The road to hell

By Vasula Premawardhana

And all the roads jam up with credit
And there’s nothing you can do
It’s all just bits of paper flying away from you.
Look out world take a good look what comes down here
You must learn these lessons fast and learn it well

– Road to hell by Chris Rea

Come out fighting

At the opening bell of an exchange, the bulls and the bears come out fighting from their corner like heavyweight boxers. If it’s an open outcry exchange, as most used to be, it’s a cacophony of sound and gestures, and its judgment by sound. If your money is riding on it you will feel it in your bones. Everyone has taken a side and it’s an all-out war for supremacy for the day. Tomorrow is another day.
The bulls want to rally the market up; the bears want to sell the market down. Each wants something out of the market and each second counts. There’s no second in a stock market in which you can be assured of the direction it’s going to take next. Each second matters in the same way to the trader who is holding a trade intraday as to the fund manager who in for the long run.
How and why does a market turn on a pin? News! Information of new things happening out in the real world. Not just the news of dividends announcements, economic numbers, sales figures, and economic news, but also who went to war, which cargo ship sank, typhoons; anything and everything can affect the prices of stock. From the news that can affect a few stocks, to news that affect many, how many stocks will be affected is what matter? Everything is seen through the lens of the economy and economic impact.

It’s politics stupid

Politics have the biggest impact on a given day, on any given stock. Because politicians set the rules – the policies that drive the economy. Politicians control the national budgets, and by extension all the budgets of everyone – from all companies to individual households. Even the lunch money a kid takes to school depends on it.
Decisions to save or consume is made on the availability or possibility of future cash flows. That is why politicians can make or break an economy. Which is why what politicians do, and are about to do, are keenly watched by the markets, and not just by foreign diplomats as in Sri Lanka; especially in Sri Lanka.

Wannabe bulls

The Colombo Stock Exchange has structural faults; its investors don’t have that many options – pun intended – to trade direction. So until such time, its investors know that it should only go up – that is, if they hope to make any money in the market; and everyone is in the market to make money; and we can only do it by buying low and selling high.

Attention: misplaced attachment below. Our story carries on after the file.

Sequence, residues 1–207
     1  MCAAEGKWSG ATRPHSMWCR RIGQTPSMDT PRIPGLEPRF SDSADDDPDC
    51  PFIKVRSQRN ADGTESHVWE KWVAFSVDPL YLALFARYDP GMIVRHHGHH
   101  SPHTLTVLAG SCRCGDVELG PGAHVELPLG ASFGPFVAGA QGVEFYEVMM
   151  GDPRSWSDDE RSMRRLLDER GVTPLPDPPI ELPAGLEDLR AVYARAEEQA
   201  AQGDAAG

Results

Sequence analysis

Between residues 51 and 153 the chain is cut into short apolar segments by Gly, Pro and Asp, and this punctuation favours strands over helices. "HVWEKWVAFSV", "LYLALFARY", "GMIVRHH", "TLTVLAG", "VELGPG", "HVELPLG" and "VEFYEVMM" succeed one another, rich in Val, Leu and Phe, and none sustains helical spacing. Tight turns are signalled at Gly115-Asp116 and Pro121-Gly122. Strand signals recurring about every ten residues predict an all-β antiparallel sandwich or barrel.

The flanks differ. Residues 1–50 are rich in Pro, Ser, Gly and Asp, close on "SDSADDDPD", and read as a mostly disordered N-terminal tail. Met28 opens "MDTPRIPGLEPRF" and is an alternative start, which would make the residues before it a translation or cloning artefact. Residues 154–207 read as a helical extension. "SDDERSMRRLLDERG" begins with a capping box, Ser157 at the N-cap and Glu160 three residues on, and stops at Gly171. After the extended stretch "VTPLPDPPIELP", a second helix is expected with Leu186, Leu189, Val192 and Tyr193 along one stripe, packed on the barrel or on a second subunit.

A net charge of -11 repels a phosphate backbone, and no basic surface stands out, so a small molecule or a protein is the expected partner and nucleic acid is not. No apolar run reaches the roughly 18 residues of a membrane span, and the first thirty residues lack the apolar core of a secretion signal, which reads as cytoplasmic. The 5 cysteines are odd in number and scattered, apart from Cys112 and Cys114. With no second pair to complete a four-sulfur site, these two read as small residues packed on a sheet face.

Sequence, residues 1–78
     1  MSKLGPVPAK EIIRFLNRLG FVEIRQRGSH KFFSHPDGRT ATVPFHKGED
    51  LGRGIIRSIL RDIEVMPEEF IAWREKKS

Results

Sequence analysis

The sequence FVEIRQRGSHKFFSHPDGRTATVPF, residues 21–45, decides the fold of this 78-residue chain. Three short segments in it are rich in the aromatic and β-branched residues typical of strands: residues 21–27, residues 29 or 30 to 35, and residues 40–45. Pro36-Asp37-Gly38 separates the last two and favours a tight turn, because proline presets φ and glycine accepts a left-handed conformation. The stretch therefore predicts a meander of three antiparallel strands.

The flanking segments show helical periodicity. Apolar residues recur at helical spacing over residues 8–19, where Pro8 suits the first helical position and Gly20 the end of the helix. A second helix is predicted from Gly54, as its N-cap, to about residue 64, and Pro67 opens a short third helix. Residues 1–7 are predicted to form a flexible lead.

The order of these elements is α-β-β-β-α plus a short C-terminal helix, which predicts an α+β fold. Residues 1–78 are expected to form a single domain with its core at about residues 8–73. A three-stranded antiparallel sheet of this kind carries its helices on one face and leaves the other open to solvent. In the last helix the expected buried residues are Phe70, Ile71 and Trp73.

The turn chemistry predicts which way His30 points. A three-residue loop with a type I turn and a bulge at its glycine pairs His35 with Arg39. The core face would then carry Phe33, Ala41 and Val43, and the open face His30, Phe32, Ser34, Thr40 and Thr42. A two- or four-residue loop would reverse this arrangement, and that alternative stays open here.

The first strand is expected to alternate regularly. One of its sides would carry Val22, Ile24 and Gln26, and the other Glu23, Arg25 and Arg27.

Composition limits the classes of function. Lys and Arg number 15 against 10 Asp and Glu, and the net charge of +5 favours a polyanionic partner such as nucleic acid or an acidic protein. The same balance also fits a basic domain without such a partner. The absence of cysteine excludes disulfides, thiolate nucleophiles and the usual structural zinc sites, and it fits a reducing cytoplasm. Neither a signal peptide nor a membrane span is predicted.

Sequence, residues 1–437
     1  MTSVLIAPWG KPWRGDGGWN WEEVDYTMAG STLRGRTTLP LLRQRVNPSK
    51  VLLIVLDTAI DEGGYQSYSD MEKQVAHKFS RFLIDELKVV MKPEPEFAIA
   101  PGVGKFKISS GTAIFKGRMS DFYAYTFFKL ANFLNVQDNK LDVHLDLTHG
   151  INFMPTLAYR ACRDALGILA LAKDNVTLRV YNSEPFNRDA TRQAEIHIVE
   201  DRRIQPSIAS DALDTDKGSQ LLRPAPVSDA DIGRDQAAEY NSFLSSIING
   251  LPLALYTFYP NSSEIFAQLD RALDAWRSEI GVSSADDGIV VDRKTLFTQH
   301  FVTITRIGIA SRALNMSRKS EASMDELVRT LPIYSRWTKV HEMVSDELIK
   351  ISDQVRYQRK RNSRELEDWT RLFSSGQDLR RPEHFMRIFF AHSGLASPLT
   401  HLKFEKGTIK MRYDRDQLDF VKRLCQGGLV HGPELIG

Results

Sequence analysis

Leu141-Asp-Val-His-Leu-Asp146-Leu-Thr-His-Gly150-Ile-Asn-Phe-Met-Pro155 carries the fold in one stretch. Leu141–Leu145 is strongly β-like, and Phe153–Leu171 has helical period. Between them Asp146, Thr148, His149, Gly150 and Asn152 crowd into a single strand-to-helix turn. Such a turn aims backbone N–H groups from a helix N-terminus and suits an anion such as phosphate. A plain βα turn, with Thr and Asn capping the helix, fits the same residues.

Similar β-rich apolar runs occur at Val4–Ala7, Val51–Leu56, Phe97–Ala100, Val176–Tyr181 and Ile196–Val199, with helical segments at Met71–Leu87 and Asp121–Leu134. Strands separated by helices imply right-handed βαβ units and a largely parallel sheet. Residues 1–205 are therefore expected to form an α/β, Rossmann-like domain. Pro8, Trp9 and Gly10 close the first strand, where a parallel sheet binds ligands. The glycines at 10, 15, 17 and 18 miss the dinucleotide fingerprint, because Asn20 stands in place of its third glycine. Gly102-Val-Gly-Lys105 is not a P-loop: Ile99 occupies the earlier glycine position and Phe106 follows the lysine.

We are a market of wannabe bulls. We like to find the good in everything we see. We only like good news because we can only trade good news. We can only make capital gains when stocks go up.
When there’s bad news, those in the market have to get out of the way. Those who are visiting us from other markets go first; after all, they have places to go. And, oh! The places they go.
We, who have to be here, hold on stubbornly, like a child holding its breath.

Waiting to exhale

Holding ones breath doesn’t work all the time – as most kids find out. However, unlike a child’s eventual capitulation, a market’s capitulation can be drastic.
Yes, the market can’t hold out forever. The politicians of the day need to resolve the uncertainty very fast. A shutdown of the government for longer than the market can hold its breath will see the CSE go through its current support and test new ones. We don’t want to go there.
A market crash will make the economy’s recovery even more difficult and as we all know, this is not the time to test the market’s resolve.

Stability in government and predictability of policy

Markets trade on probabilities; it quantifies and prices in the risk – all sorts of risk – into a market. When those probabilities change or the odds change, markets react. It is necessary that stability in policy or in the minimum stability in the predictability of policy is necessary.
Therefore, it is necessary that the policymakers resolve the ongoing conflict and give proper signals to the market of what’s next, so the market can price it in. The market does not really care about the constitutionality of things – it cares about the growth of the economy.
For the economy to grow, a stable government must be in place. If a stable government cannot be established, the market needs to know when a stable government can be established.
The road to hell is paved with good intentions.